On 17 March 2004, the drowning of an Albanian child in the river prompted major ethnic violence in the town and a Serbian teenager was killed. Demonstrations by thousands of angry Albanians and Serbs mobilised to stop them crossing the river degenerated into rioting and gunfire, leaving at least eight Albanians dead and at least 300 injured. The bloodshed sparked off the worst unrest in Kosovo seen since the end of the 1999 war.
Tensions rose considerably in the city of Mitrovica after Kosovo declared independence on 17 February 2008. Some 150 Kosovo Serb police officers refused to take orders from the ethnic Albanian authorities and were suspended. Serb protesters prevented ethnic Albanian court employees from crossing the bridge over the Ibar River. UN police raided and seized the courthouse on 14 March using tear gas against Serbs and leaving some of them wounded. The explosion of a hand-grenade injured several UN and NATO staff on 17 March; UN forces were later withdrawn from the northern part of Mitrovica.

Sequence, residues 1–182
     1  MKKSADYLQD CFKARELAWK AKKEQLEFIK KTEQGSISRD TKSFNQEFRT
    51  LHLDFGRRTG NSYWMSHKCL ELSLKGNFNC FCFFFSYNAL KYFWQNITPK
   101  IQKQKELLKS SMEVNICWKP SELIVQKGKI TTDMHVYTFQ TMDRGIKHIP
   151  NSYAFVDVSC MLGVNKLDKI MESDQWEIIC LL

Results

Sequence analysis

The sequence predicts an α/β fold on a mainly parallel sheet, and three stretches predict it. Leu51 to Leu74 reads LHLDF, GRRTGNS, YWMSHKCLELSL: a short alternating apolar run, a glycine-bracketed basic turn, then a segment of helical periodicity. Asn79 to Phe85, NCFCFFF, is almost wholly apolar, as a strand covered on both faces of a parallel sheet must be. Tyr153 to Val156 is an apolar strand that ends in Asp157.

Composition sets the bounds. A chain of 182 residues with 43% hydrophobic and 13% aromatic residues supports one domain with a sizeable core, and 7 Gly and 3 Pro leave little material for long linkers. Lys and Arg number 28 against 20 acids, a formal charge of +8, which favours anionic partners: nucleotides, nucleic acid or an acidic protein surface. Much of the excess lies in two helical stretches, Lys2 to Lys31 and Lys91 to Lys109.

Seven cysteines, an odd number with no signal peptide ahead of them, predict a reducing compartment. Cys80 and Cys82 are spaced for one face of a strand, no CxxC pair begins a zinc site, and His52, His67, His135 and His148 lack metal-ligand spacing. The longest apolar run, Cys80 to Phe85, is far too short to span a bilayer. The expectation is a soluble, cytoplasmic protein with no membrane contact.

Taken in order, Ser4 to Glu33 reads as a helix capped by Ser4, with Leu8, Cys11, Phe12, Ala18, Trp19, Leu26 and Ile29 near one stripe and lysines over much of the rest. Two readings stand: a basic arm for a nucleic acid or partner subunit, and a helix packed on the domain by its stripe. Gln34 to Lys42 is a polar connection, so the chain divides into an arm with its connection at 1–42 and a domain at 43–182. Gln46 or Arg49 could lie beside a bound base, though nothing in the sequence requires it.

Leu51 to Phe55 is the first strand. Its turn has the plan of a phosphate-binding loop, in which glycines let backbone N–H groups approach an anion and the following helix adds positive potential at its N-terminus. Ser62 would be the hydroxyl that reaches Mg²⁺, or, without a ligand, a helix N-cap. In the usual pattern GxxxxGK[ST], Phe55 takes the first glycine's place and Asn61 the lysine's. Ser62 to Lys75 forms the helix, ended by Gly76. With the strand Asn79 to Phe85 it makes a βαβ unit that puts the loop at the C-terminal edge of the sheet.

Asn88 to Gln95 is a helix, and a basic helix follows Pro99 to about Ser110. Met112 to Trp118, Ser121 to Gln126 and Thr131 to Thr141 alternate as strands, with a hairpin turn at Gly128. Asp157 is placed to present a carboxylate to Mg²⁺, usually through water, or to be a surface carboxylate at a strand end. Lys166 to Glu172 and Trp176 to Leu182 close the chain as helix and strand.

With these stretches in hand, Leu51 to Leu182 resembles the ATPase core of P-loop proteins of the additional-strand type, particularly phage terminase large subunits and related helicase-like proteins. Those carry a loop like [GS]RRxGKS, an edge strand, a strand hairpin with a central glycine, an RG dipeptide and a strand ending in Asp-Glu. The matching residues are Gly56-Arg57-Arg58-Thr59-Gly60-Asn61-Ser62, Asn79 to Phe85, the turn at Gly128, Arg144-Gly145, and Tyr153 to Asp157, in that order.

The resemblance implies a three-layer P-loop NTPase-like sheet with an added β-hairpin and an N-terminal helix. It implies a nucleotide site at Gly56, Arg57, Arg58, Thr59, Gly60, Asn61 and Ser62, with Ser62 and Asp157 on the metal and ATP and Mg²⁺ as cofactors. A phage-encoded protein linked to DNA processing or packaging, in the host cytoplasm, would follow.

20. Tirana, Albania
Tirana is the capital and largest city by area and population of the Republic of Albania. The city was fairly unimportant until the 20th century, when the Congress of Lushnjë proclaimed it as Albania’s capital, after the Albanian Declaration of Independence in 1912.
Due to its location within the Plain of Tirana and the close proximity to the Mediterranean Sea, the city is particularly influenced by a Mediterranean seasonal climate. It is among the wettest and sunniest cities in Europe, with 2,544 hours of sun per year.